• Index cards (1 per student)
  • Pens/pencils (1 per student)

If your class is meeting online, invite students to bring index cards and pens/pencils with them to class.

Daniel and his friend knew that the rules God gave the Jewish people were what was best for them. When the king told Daniel and his friends to eat the rich food and drink the wine, they knew it was going against God’s authority and best plan for them. Instead of fighting with the king or demanding their own way, Daniel and his friends respectfully disagreed and suggested a different plan, one that the king would be able to gauge as a success or failure quite simply. When Daniel and his friends looked better than the other young men on the king’s diet, the king realized that Daniel and his friends were following God’s wisdom.

Write today’s memory verse on a board or screen-shared document where students can see it. Share: Today’s memory verse is one that can help us gain God’s wisdom as Daniel did, “The fear of the LORD teaches a man wisdom, and humility comes before honor” (Proverbs 15:33). Hand each student an index card and pen/pencil (or invite students to have those items ready at tome) and instruct them write this verse down and keep it somewhere this week where they can be reminded of its truth.

  • What do you think the verse means when it says, “humility comes before honor”? (Answers will vary. Explain that we must not be proud if we want God’s wisdom; rather, we need to fear the Lord.)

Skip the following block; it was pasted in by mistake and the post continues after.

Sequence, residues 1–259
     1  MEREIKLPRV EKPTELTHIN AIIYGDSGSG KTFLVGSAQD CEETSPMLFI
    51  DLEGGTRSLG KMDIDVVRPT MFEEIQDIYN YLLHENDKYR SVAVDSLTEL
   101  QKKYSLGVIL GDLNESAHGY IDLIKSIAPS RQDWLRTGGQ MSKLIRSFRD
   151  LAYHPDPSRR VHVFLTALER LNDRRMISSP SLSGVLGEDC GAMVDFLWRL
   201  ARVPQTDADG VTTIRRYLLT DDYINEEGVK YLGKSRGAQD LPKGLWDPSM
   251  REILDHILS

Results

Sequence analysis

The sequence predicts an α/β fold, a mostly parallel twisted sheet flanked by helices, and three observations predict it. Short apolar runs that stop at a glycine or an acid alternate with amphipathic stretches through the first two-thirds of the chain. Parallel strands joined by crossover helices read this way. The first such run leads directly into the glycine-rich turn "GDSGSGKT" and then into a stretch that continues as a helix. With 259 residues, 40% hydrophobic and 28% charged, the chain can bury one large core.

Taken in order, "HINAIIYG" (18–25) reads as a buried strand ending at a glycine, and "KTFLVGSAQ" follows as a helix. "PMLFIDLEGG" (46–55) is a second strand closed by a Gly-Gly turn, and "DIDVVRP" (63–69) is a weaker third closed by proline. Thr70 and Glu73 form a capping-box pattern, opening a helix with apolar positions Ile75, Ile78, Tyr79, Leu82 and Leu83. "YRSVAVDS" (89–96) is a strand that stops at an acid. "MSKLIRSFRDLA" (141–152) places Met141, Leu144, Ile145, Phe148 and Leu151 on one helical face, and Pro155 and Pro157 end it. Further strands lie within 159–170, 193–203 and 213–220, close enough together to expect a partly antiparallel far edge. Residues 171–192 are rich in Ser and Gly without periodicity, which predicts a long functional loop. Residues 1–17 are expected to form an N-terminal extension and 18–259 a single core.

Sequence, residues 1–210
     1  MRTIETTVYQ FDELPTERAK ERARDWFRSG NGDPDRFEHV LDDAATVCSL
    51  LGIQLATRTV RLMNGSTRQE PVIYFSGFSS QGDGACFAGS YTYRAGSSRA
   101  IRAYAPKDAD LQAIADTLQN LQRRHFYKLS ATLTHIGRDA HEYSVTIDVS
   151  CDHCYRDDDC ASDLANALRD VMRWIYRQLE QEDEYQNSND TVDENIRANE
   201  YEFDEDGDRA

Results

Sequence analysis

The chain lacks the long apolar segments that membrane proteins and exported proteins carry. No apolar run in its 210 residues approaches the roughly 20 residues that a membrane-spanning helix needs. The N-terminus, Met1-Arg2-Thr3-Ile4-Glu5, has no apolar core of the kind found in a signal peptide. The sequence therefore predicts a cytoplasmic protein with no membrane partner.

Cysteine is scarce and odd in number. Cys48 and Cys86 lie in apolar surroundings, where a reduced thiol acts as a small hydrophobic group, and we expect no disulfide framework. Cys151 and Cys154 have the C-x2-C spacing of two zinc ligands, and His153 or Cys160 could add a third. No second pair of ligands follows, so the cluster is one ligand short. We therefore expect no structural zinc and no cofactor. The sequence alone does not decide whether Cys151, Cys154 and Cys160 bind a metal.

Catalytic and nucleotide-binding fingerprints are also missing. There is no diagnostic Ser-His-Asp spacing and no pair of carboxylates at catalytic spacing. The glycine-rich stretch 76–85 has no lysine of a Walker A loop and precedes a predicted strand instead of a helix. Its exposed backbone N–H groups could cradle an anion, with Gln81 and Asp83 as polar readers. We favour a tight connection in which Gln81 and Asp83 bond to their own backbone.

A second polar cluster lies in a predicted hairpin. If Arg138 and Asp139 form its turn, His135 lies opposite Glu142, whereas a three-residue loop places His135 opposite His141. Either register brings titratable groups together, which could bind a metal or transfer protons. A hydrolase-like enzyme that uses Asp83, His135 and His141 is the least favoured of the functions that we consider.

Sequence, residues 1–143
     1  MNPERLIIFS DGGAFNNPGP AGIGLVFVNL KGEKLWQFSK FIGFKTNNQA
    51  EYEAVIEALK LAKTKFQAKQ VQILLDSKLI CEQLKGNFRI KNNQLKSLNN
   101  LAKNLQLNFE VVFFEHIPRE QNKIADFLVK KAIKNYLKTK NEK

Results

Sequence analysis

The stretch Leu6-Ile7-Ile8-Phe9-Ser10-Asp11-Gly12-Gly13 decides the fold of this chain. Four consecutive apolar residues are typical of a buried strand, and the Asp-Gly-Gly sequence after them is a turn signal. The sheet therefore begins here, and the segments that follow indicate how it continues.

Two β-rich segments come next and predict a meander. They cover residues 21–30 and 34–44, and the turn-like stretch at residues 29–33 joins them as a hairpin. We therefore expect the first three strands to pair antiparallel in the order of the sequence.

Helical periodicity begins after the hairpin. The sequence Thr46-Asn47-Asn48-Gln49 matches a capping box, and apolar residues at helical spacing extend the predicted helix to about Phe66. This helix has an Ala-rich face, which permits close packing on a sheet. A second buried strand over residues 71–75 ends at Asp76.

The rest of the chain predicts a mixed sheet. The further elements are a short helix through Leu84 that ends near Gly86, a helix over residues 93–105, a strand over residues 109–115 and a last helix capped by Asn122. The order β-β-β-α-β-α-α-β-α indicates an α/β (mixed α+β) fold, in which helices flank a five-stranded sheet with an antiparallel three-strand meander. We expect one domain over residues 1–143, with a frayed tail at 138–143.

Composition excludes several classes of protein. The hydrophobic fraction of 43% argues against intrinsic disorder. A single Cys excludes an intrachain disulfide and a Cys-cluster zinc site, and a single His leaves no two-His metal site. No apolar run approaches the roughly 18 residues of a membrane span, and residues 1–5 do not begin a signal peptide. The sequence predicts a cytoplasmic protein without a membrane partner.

This sounds like another verse you may know, “The fear of the LORD is the beginning of wisdom, and knowledge of the Holy One is understanding” (Proverbs 9:10). Remind students of today’s lesson focus: God’s wisdom helps us deal with those in authority.

On the back of the index card, have students write three authority figures or people in authority over them that they struggle to obey. Let students know that they won’t have to share the names of these people or explain why they have a hard time with these people in authority over them.

Being submissive to a teacher, parent, pastor—even a friend’s parents—isn’t easy at times. God’s wisdom can guide us as we navigate this sensitive area. Sometimes a person may be telling us to do something that we think is dumb or unimportant. What today’s lesson about Daniel tells us is that no matter what we think of the rule or expectation, the authority of the person can be respected even if we kindly disagree with them.

It’s never easy to respect a person who we may feel isn’t deserving of our respect. If they’re in authority over us, however, then God wants us to respect them. Let’s try this week to see how we can use God’s wisdom to give both God and the people in authority over us the honor they deserve.

Encourage students to read their card this week and pray for the three people they listed on the back. Follow up to see if prayer helped their students in this struggle.

If students have specific questions or are dealing with an issue of a person in authority who should not be obeyed because he or she is not conducting himself or herself in an appropriate matter, then have that discussion with them privately or direct the student to a staff member who can help. Remember that any evidence of abuse or criminal conduct students share must be reported. If you need guidance, please talk to your supervisor or church leaders.

Close in prayer.

Spread the word